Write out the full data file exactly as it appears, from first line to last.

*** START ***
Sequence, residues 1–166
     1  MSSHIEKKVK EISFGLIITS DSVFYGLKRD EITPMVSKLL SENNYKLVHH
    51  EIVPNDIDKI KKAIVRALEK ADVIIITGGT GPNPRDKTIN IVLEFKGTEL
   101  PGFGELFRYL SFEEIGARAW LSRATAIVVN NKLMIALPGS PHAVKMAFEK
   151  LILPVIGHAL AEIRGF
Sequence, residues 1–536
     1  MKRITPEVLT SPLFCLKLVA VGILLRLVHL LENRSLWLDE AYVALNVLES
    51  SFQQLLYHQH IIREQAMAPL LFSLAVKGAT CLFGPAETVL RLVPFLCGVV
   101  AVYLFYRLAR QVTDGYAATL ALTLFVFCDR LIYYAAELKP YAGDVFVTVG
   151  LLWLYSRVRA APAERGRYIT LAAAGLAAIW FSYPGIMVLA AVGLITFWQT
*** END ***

Sequence, residues 1–166
     1  MSSHIEKKVK EISFGLIITS DSVFYGLKRD EITPMVSKLL SENNYKLVHH
    51  EIVPNDIDKI KKAIVRALEK ADVIIITGGT GPNPRDKTIN IVLEFKGTEL
   101  PGFGELFRYL SFEEIGARAW LSRATAIVVN NKLMIALPGS PHAVKMAFEK
   151  LILPVIGHAL AEIRGF
Sequence, residues 1–536
     1  MKRITPEVLT SPLFCLKLVA VGILLRLVHL LENRSLWLDE AYVALNVLES
    51  SFQQLLYHQH IIREQAMAPL LFSLAVKGAT CLFGPAETVL RLVPFLCGVV
   101  AVYLFYRLAR QVTDGYAATL ALTLFVFCDR LIYYAAELKP YAGDVFVTVG
   151  LLWLYSRVRA APAERGRYIT LAAAGLAAIW FSYPGIMVLA AVGLITFWQT